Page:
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Wednesday, April 27, 2016

You Only Die Once!

“A coward dies a thousand times before his death, but the valiant taste of death but once. It seems to me most strange that men should fear, seeing that death, a necessary end, will come when it will come.”   ~ William Shakespeare, from Julius Caesar

"Those who try to make their life secure will lose it, but those who lose their life will keep it"  
~ Jesus, Luke 17:33

Remember the old James Bond novel/movie titled, "You Only Live Twice?"  The basic premise of the title and story is that Bond fakes his death in order to infiltrate an enemy plot.  Of course the title is a play on the phrase, "You only live once."  In reality both are somewhat true.  We do only live one lifetime, but within this lifetime we have numerous "second chances" to re-imagine how we go about living our lives.

The same can be said of death.  Each of us will die only one time.  However our lives are made up of many deaths as we "die" to former ways and embrace new ones.  A primal example of this for the vast majority of humanity is learning to walk.  In learning to walk, the necessity to crawl literally disappears and dies. The appropriation of language may be another example.  The point is there are many natural deaths throughout our lives.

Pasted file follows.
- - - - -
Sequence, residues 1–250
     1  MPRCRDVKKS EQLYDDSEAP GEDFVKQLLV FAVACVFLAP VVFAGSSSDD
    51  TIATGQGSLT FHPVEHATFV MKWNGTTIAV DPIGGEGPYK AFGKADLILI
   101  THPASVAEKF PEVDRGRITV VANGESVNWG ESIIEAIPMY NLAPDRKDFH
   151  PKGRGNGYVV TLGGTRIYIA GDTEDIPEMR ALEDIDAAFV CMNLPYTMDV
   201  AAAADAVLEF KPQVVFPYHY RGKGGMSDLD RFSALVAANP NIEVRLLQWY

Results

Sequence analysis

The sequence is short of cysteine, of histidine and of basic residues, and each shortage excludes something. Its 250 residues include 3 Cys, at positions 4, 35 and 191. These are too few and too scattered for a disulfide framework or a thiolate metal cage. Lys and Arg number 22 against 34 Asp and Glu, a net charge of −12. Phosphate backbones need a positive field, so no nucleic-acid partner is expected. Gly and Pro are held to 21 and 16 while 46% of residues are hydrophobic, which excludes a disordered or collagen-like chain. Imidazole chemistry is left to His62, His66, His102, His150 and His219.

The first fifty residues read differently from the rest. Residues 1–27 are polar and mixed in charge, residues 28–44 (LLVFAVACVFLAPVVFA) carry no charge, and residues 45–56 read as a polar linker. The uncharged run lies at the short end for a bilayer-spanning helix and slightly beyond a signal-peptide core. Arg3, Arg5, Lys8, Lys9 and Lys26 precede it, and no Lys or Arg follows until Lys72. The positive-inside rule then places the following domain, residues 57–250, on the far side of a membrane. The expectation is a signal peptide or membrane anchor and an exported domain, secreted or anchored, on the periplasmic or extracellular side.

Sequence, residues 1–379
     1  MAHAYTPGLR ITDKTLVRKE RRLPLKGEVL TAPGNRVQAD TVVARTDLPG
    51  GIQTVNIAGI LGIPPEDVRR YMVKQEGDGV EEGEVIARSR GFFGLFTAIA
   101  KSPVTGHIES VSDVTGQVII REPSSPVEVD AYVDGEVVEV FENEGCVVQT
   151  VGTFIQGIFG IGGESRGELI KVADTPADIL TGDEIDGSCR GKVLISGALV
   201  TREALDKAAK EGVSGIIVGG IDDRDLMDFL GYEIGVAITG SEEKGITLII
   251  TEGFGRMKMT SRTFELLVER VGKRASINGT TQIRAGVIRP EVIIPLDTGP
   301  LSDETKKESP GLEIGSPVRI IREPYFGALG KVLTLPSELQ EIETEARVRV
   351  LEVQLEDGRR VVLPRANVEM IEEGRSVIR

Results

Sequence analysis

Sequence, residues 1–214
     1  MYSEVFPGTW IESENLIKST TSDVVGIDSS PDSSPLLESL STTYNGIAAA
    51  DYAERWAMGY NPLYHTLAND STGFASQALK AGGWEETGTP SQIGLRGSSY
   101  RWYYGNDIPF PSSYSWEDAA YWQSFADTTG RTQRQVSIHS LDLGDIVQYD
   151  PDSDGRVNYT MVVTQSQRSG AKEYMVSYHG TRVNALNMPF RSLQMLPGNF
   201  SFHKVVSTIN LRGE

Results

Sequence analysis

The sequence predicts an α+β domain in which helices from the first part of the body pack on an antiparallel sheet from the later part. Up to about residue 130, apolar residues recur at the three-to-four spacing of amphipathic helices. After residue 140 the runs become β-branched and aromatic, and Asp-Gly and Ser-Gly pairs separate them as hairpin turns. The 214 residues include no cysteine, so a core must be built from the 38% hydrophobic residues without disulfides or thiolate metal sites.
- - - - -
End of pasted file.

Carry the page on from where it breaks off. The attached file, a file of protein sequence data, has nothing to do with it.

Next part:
Unfortunately we also have a penchant for imagining unnecessary deaths. These are the fears of our demise that never transpire, fears that often times keep us from exploring and fulfilling the potential and possibility of claiming our true humanity. In this vein, Mark Twain is reported to have said, "I've had a lot of worries in my life, most of which never happened." 

Of course this is not encouragement to do foolish things and intentionally endanger our lives or the lives of others. It is, however, invitation to let go of the "risk aversion" that seems to have permeated our collective and individual consciousness.  Why not stop living the "thousand deaths" of fear we encounter daily.